Safety and Effectiveness of the Device "Nit-Occlud® PDA-R"
|Study Design:||Intervention Model: Single Group Assignment
Masking: Open Label
Primary Purpose: Treatment
|Official Title:||Safety and Effectiveness of the Device "Nit-Occlud® PDA-R" for Percutaneous Closure of Patent Arterial Duct Between 2 and 8 mm in Patients Treated Interventionally in Specialized Centers|
- Number of Patients With a Closed Patent Ductus Arteriosus (Defect) Determinated by Echocardiography ( Time Frame: One Year After Treatment) [ Time Frame: up to one year after percutaneous closure ]The closure rate is an effectiveness outcome. Complete closure without a residual shunt is defined as absence of color flow (an echocardiographic technique used to observe the flow of blood in the heart) between the aorta and the pulmonary artery through the duct. Additionally, the position of the device, regression of the dilation of the left ventricle and left atrium and assessing of unrestricted doppler flow in the descending aorta and left pulmonary artery were documented. Clinical status was also assessed.
- Number of Patients With a Decreased Dilation of the Left Heart Chamber (Time Frame: One Year After Treatment). Dilation of the Left Ventricle and Left Atrium Was Measured Before and One Year After Implantation by Echocardiography. [ Time Frame: one year after percutaneous closure ]The patients were examined clinically and echocardiographically after 24 hours, one month, three months and six months after the percutaneous closure. Dilation of the left ventricle and left atrium are consequences of the hyperflow through the ducts. Regression of both ventricle and atrium are expected after closure of the ducts and can be documented by echocardiography. Additionally, the position of the device and the doppler flow in the descending aorta and left pulmonary artery were documented.
|Study Start Date:||June 2009|
|Study Completion Date:||December 2010|
|Primary Completion Date:||December 2010 (Final data collection date for primary outcome measure)|
Interventional, prospective clinical study, non randomized.
Device: Nit-Occlud® PDA-R
Transcatheter implantation of a PDA Device (Nitinol) The catheterism was done under sedation, using a protocol established by inserting a catheter through a femoral artery and/or vein directed to the heart and great vessels. Invasive measurements are obtained in the descending aorta and pulmonary artery. Once in ductal position, we inject iodinated contrast medium that allows us to observe via X-ray the ductal morphology; obtaining accurate measurements to choose the appropriate device. The device is then inserted via the catheter, closing the ductus.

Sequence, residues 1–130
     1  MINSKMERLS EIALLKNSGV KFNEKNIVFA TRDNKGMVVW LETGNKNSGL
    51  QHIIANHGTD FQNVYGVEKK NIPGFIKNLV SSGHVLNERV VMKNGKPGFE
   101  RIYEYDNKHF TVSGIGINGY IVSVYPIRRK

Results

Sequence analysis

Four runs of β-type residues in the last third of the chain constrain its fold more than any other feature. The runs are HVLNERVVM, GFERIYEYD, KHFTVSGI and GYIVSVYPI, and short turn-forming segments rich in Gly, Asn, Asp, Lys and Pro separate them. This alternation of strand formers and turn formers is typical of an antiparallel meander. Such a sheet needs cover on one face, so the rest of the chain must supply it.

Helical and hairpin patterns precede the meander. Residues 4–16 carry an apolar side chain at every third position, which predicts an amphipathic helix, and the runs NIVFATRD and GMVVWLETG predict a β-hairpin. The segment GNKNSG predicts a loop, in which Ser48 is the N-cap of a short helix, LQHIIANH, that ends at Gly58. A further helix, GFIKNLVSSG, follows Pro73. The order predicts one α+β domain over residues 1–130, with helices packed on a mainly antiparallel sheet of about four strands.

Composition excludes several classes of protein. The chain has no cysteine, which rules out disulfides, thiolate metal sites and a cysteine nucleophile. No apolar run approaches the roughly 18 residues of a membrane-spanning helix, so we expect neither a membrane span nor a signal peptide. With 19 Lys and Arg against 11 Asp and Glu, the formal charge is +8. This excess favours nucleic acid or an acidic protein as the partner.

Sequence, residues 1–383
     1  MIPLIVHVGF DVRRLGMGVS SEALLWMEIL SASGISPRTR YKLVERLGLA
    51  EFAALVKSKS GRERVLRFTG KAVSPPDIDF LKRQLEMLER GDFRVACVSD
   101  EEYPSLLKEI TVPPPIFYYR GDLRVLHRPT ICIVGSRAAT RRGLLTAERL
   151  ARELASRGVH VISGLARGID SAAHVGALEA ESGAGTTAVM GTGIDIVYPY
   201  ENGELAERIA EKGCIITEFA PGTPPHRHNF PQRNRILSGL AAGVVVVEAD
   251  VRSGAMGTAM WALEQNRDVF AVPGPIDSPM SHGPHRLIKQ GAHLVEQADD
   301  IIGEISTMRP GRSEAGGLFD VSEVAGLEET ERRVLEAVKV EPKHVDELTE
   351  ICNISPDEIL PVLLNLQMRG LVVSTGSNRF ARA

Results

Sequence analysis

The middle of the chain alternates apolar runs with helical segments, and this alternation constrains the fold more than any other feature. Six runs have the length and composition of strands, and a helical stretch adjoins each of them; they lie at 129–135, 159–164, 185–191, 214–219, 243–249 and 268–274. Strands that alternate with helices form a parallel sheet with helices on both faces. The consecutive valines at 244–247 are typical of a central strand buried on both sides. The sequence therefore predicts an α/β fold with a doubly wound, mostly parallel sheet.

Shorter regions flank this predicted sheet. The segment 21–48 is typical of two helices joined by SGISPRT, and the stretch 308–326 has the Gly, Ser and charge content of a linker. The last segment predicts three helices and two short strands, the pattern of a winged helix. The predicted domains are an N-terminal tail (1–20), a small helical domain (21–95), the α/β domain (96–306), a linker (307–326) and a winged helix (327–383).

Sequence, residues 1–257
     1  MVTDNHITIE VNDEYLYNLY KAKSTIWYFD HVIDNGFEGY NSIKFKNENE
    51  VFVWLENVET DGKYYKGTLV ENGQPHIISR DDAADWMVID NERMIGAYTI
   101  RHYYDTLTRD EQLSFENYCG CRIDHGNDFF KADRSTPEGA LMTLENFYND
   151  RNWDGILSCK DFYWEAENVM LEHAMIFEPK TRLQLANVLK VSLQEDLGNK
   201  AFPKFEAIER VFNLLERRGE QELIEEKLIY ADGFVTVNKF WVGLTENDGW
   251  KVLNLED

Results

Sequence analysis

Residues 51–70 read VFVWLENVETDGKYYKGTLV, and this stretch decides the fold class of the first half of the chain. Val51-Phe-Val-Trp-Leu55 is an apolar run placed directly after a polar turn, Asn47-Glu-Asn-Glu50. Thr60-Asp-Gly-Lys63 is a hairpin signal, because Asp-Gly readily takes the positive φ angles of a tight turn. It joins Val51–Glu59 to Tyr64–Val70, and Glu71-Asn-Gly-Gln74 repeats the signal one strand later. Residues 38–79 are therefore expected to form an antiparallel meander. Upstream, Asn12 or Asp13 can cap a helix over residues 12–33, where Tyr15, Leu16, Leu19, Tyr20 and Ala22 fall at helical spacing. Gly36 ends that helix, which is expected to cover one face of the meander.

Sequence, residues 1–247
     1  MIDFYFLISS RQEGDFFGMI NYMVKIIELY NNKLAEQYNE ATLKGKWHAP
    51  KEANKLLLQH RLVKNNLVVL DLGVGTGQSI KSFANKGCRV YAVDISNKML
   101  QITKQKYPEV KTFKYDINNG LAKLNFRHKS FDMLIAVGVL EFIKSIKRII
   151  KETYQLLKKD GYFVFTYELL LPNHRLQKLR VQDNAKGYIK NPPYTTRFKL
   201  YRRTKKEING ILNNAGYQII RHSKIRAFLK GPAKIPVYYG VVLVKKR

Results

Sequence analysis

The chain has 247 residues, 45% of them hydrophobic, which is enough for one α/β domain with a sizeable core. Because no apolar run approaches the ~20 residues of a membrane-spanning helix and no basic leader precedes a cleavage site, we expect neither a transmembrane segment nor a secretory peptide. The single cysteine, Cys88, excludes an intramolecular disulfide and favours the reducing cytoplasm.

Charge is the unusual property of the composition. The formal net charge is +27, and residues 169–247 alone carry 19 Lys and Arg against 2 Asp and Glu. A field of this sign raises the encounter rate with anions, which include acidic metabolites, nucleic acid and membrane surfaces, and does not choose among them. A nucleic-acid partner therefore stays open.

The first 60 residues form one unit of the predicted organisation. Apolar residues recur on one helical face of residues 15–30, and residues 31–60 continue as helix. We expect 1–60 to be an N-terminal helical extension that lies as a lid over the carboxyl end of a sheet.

The catheterism provides measures of aortic and pulmonary pressure, before, during and after the closure.
Other Name: Device - Med - Nit Occlud PDA
During the years 2003 to 2008, the Cardiological Medical Center "Kardiozentrum" evaluated 1136 patients with echocardiographic studies, 14.7% of the patients were diagnosed with patent arterial duct. The PDA is an abnormal communication between the aorta and pulmonary artery. Untreated it can rise the intrapulmonary pressure and lead to serious complications like cardiac insufficiency.
The incidence of ducts as an isolated heart disease is between 3.6 and 7% of all congenital heart diseases at sea level, and 10 - 14% at high altitude; rising up to 20% in cities at more than 2.500 m about sea level. The ducts at high altitude are generally wider and larger than at sea level.
One treatment alternative is a percutaneous transluminal implantation of a permanent implant which closes the defect. The device under investigation "Nit-Occlud® PDA-R" is developed for closure of the PDA with a minimal diameter of 2-8 mm.
The device performs the function of generating the defect occlusion by the body itself. The implant stimulates the body to generate an epithelium over the implant so that the PDA closes.
Please refer to this study by its ClinicalTrials.gov identifier: NCT01063712
|Kardiozentrum and Surgical Medical Center Boliviano Belga|
|La Paz, Murillo, Bolivia, 100|
|Principal Investigator:||Alexandra Heath, MD, Ph.D||Kardiozentrum|